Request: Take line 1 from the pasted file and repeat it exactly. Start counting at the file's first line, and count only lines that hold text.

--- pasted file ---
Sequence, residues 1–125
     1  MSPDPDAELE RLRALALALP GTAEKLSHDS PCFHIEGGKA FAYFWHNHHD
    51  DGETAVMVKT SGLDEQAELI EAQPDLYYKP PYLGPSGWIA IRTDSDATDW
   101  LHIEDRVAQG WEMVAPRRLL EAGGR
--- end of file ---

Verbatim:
Sequence, residues 1–125